The Story of Wapuunicorn: the mascot of WordCamp Edinburgh 2017
I realise the title might need some clarification, so bear with me.
If you are ever involved in the WordPress community and/or attended a WordCamp, you might have come across many beloved Wapuu.
But instead of a Wapuu, we have a Wapuunicorn, a cross between a Wapuu and a unicorn, for WordCamp Edinburgh 2017.
Oh wait, have I made it more confusing?
My bad. Let’s try again.
What is WordCamp?
WordCamp is an informal community-organised conference that covers everything to do with WordPress; from the technical side, to maintaining your site, to creating content, to making a difference…the world is your oyster when it comes to using WordPress as your platform for your site.
They are held all around the world…literally.
And they can also be held simultaneously around the world too.
To put in context, I have helped to co-organise WordCamp Edinburgh 2017 on 22nd-23rd July 2017.
And during that same weekend, there were 4 other WordCamps happening in the same weekend: Boston, Arkansas, Ontario and Brisbane.
WordCamp is an opportunity for everyone who uses WordPress, regardless of whether they are technical or not, regardless of whether they are beginners or advanced, to learn from other experts, meet like-minded people and be part of an awesome community.
On top of that, it can also help to move you to the next level with your own WordPress site.
What is Wapuu?
You can read about the history of Wapuu here, but in short, Wapuu is the unofficial mascot of WordCamps.
The original design was put together by Japanese designers to help promote WordPress in Japan, and since then, WordCamps across the globe has customised it to suit their locations.
So What is a Wapuunicon then?
During the last WordCamp Edinburgh in 2015, we had wee Jimmy…
But we had to retire Jimmy, who has served us very well in 2015, and hang up the kilt and bagpipes.
During the process of organising the design and theme of the site for the 2017 event, my team and I have got together to come up with ideas.
Out of nowhere, there came the idea of a unicorn.
And our reactions?
It totally made sense!
You can imagine the sounds approval across the room within the team.
You see, you might think that we are jumping on the trend of having a unicorn as our theme.
After all, who doesn’t love a unicorn.
But here is one thing that you may not know.
The national animal of Scotland is actually a unicorn.
So we knew that we have a lot of relevancy by creating a unicorn-themed event in Edinburgh, and that all begins with the beautifully-designed Wapuunicorn.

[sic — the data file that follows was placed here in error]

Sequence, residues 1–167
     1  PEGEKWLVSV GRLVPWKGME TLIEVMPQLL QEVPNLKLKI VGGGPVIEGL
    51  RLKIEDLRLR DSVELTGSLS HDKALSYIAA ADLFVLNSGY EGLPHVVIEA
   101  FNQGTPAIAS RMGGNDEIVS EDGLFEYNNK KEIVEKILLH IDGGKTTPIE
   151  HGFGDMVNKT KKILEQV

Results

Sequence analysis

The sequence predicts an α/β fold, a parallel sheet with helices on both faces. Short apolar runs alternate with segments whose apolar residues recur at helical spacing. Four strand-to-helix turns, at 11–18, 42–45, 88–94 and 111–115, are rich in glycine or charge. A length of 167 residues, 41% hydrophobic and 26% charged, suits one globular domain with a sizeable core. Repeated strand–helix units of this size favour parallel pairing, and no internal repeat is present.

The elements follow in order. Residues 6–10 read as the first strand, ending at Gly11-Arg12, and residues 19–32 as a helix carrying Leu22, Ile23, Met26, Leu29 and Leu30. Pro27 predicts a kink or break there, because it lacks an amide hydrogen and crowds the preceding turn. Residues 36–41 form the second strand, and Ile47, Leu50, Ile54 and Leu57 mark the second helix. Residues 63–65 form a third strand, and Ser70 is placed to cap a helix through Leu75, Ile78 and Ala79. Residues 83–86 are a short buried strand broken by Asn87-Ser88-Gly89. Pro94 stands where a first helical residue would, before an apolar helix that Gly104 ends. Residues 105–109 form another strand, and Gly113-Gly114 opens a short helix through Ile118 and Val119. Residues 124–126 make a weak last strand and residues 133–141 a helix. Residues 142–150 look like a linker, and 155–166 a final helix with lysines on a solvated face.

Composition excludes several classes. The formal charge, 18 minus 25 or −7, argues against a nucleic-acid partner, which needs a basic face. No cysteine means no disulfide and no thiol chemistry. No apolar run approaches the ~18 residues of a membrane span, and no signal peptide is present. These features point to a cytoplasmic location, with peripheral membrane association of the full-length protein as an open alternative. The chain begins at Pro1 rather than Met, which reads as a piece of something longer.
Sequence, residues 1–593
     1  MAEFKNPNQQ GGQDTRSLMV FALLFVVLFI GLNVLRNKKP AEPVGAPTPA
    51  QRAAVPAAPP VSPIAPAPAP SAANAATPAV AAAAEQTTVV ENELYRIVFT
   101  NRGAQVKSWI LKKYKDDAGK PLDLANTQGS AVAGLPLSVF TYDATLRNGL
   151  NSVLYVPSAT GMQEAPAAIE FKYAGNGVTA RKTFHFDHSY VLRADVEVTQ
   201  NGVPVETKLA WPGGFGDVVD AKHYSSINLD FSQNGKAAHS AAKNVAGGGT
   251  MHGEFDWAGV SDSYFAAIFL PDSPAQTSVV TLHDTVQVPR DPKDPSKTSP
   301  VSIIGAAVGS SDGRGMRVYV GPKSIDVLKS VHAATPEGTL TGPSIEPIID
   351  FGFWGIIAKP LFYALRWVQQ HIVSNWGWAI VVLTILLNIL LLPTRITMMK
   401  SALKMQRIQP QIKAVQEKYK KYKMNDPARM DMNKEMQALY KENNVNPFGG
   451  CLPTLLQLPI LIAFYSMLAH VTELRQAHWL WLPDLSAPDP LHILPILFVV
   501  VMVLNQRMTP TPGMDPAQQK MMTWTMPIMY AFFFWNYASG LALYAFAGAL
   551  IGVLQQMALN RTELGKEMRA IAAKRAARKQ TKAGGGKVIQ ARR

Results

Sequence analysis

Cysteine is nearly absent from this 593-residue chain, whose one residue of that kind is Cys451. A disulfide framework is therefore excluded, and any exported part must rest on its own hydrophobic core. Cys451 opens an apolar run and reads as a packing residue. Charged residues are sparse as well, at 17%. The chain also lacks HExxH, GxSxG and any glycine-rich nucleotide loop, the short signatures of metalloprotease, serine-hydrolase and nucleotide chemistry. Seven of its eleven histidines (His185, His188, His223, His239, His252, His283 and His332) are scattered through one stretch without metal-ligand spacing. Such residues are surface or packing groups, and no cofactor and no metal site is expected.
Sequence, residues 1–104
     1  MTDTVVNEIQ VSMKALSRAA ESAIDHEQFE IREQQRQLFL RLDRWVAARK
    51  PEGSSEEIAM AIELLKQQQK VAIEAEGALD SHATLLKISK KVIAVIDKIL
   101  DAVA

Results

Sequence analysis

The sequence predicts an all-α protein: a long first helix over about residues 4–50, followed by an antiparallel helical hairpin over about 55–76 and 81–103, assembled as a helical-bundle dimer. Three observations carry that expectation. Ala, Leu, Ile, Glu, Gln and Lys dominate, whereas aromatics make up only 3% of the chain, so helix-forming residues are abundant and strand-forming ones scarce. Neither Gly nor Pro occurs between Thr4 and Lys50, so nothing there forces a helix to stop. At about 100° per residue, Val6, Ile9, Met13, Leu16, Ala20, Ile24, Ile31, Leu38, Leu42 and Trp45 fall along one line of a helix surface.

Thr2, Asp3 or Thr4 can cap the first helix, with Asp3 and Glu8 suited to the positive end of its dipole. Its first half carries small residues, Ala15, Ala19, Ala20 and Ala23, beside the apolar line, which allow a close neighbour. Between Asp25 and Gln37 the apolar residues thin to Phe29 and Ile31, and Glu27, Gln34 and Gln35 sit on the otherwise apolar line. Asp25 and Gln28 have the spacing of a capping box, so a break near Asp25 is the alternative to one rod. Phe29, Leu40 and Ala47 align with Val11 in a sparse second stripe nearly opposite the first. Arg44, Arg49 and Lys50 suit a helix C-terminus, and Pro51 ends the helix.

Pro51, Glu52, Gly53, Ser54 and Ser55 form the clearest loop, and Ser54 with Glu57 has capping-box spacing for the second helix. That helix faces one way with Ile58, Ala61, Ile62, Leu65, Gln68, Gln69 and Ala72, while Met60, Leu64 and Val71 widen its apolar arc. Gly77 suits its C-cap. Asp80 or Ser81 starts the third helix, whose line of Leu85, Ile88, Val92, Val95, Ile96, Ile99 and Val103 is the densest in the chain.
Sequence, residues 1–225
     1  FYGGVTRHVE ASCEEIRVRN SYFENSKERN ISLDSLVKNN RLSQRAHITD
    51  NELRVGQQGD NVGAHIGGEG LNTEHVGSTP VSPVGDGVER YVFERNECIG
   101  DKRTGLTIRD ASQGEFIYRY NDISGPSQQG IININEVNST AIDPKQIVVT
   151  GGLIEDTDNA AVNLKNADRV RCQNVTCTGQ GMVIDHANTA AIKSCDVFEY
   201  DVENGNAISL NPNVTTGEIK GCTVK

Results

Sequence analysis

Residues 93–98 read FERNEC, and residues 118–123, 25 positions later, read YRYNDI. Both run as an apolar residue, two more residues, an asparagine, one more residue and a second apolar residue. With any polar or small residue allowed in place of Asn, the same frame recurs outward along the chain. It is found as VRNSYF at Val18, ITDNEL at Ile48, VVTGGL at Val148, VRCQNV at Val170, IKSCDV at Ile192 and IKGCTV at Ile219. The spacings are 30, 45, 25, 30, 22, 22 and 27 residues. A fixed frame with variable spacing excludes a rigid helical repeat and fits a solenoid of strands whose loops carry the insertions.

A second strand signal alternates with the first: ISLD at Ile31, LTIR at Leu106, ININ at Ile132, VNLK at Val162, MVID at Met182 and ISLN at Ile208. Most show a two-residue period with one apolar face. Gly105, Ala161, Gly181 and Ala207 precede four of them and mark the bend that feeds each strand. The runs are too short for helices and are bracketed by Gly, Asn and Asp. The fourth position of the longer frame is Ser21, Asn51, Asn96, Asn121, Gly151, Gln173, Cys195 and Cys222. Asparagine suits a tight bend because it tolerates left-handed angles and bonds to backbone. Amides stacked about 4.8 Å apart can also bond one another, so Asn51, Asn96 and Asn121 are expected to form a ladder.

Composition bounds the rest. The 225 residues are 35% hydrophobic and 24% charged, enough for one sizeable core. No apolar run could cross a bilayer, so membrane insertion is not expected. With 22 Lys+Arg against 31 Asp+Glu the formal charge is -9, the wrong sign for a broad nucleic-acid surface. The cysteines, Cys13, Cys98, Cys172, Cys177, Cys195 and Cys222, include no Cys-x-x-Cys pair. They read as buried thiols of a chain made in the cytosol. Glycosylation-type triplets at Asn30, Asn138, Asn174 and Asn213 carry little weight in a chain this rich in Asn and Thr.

Designed by Ben Usher Smith, we all knew that we instantly had something special that everyone would love. And there were was a lot of thought into creating our mascot, which then became the focal point of the rest of our design.
And wherever we went, the Wapuunicorn was never far away from our mind.
Which brings us to our next topic; t-shirts.
When you visit many conferences, you will most likely see t-shirts available to pick up for free.
They can be provided by the sponsors or by the conference organisers.
WordCamp is no different. You are most likely to find t-shirts designed and printed by the organisers of the local WordCamps.
But we wanted to do something different with our own t-shirts.
We have a special Wapuu, or a Wapuunicorn and we knew we needed to have a high-quality t-shirt that lives up to that standard.
And we did.
When we did our research to find a local printer, we came across one called Interplanetary Print Syndicate which was based in a local art college
When visiting their premises, we were really impressed with what they do. Not only were we happy to support a local independent company, not least one that is based within a local college, but they have a unique process of hand-printing the t-shirts.
So every single t-shirt is literally unique as they are not mass produced by a machine.
Aren’t they beautiful?!
On top of that, the t-shirts are eco-friendly as they offer organic, climate neutral and recycled garments. The quality of the material and fitting is excellent. And they also provide options of printing for men, women and children’s sizes.
And the result? Well, see for yourself.
It was so popular that we had requests from non-attendees via social media and also asked by the attendees whether there were any extras.
We have deliberately decided to not have dates printed i.e. “WordCamp Edinburgh 2017", on it as we knew we wanted it to be timeless and you could wear it anytime.
Even on a night out.
Naturally, we also wanted Wapuunicorn stickers too. And man, were they popular too?!
I’m not one to have stickers on my Macbook Pro, until now. For the first time ever, I have a sticker and the Wapuunicorn sticker sits proudly on it.
The feedback of Wapuunicorn and the t-shirts from the community and the attendees was overwhelming and I have to thank everyone for their comments and enthusiasm.
It definitely made the experience even more worthwhile.
Right now, my mind is already switching to the next WordCamp.
But frankly, I’m not sure how we can create a better mascot for WordCamp Edinburgh in the future.
Hmm, that’s going to be a challenge…and I accept!
What do you think of the Wapuunicorn? Have you ever been to a WordCamp before? If not…why not?!
Leave a comment below.
This post also appeared here: https://iamahmedkhalifa.com/blog/wapuunicorn-story/